Book Review: Brown Girl in the Ring (Nalo Hopkinson)

Review: Brown Girl in the Ring by Nalo Hopkinson
Urban Fantasy – Standalone

“He went to one of the windows to look down on the city that was thousands of feet below the observation deck of his tower. Toronto was in darkness now, except for the lights that picked out the malls with their independent power sources. To his left was the dark mass of Lake Ontario and the red glow of Niagara Falls on its horizon. This ruined city was his kingdom.”

Brown Girl in the Ring is Afro-Caribbean inspired magical realism, set in Toronto after economic collapse has led to the city’s core being abandoned by the government. Toronto’s wealthy citizens move out to the suburbs, leaving the downtown a decaying, lawless center. In that center, a young woman who can see people’s deaths, Ti-Jeanne, balances learning about her gift with new motherhood and avoiding street violence and gangs. When her child’s father (Tony) approaches her for help getting out of gang life, however, she agrees to help him—but things don’t go as planned, and Ti-Jeanne finds herself targeted by the gang’s brutal, relentless leader.

There are a lot of things I enjoyed about Brown Girl in the Ring. Right off the bat, I liked its setting in a rundown, post-apocalyptic Toronto—what Canadian doesn’t want to see Toronto destroyed? It’s only the natural outcome of having elected Rob Ford (Kidding Toronto friends, kidding!).

Ti-Jeanne’s relationship with her baby was one of my favourite parts of the book. Ti-Jeanne is not a perfect parent; she loves her baby but struggles with him, sometimes feeling resentful of him. I am unqualified to speak on the subject, not being a parent, but it seems like a more honest depiction of motherhood and post-partum difficulties than you usually see. More troubling is her relationship with Tony. I really disliked the early chapters where Ti-Jeanne dwells on him endlessly in her thoughts. Hopkinson does a great job of depicting the obsessive and potentially destructive nature of young infatuation, but I can’t say I enjoyed reading it. I can say in a vague, spoiler-free way that I was ultimately happy with how things played out between them.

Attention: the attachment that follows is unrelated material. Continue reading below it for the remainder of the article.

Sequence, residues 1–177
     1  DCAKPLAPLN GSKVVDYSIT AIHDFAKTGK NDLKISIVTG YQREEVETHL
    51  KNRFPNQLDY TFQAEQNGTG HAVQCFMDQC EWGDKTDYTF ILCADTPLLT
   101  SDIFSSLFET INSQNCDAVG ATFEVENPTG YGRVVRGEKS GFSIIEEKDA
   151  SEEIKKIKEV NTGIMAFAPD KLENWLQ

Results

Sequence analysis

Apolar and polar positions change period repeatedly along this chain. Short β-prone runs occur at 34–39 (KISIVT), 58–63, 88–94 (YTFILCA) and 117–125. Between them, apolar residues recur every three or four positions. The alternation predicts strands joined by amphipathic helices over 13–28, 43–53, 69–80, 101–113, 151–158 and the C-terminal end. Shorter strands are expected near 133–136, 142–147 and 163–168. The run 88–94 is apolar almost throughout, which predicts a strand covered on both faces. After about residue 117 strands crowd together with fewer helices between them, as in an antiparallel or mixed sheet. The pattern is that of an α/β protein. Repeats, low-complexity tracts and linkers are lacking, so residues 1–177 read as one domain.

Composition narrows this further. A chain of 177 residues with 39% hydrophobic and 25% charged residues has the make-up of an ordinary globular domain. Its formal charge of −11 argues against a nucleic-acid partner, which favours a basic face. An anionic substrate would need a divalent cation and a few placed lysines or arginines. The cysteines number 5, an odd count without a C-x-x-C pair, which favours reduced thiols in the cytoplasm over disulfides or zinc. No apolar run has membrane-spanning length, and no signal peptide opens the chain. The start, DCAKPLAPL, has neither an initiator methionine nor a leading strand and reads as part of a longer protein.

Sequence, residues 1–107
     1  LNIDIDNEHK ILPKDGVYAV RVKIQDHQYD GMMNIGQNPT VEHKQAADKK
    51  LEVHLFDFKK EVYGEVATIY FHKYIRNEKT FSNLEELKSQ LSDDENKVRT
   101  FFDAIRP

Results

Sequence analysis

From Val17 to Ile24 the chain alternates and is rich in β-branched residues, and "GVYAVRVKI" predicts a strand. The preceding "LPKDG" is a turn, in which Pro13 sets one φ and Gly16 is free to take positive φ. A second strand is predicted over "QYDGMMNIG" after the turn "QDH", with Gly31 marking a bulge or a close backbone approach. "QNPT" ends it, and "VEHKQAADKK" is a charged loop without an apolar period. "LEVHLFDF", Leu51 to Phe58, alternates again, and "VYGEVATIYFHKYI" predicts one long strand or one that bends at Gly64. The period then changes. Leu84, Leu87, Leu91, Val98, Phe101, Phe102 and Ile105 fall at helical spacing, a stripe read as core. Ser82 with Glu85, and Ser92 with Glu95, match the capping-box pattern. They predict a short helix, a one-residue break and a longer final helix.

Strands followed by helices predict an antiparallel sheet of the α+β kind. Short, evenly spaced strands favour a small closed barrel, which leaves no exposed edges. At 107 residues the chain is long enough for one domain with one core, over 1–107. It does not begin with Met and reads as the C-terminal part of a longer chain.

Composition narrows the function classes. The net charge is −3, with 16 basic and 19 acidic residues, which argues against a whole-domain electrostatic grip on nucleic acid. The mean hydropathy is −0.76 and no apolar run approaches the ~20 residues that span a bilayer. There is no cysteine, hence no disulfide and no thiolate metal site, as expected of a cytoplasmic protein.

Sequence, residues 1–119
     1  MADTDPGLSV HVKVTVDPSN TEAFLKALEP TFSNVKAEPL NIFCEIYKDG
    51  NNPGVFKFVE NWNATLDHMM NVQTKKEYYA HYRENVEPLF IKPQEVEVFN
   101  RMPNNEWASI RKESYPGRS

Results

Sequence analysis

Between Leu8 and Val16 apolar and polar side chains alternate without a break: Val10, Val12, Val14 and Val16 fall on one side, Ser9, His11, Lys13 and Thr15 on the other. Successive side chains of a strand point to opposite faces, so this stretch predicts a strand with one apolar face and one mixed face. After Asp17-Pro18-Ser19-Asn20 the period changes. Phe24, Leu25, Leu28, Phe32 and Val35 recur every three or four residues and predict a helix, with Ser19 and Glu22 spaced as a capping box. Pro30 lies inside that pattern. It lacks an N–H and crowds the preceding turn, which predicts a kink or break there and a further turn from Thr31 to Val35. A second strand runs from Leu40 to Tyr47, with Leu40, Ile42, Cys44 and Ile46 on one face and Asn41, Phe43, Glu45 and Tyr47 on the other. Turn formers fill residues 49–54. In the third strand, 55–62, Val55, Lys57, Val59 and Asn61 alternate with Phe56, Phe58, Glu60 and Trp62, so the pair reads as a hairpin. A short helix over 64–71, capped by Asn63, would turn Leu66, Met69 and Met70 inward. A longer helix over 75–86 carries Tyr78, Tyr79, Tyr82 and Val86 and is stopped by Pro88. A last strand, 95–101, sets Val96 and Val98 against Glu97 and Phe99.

My favourite character is Mami, Ti-Jeanne’s grandmother. She practices obeah, West-Indian folk magic, and acts as healer and nurse to her neighbourhood residents with her knowledge of herbs, medicines, and spirits. Her cultural background and knowledge is a strong asset, and makes her respected within the community—in the post-apocalyptic world, the knowledge and experience she brings as an immigrant make her more valuable, not less.

The Canadian-Caribbean children, on the other hand, are less useful. Tony has medical training, something to which we often ascribe great value and importance, but is worse than useless to the community. And Ti-Jeanne’s influence in her community is tied to the way she navigates her Canadian-Caribbean identity: as she learns to respect the truth and strength of obeah, she becomes more powerful. At first she is skeptical of her grandmother, wishing Mami would practice institutionalized Western medicine. Eventually she begins finding ways to bridge her two cultural identities, practicing the obeah she learns from Mami, but with the caveat that she will enact it on her own terms and in her own way.

Some chapters take place outside the abandoned inner city, dealing with the political machinations happening behind the scenes. I found these portions of the book were jarring, though it eventually occurred to me that this was a conscious decision on Hopkinson’s part, portraying the disconnectedness and ineptness with which the politicians deal with the city core’s collapse. The wealthy, white citizens have fled, and Toronto now belongs to those who were disenfranchised before. In fact Toronto’s substantial immigrant population are the ones staying, surviving and rebuilding, while the “natural born citizens” are the ones migrating and fleeing the scene.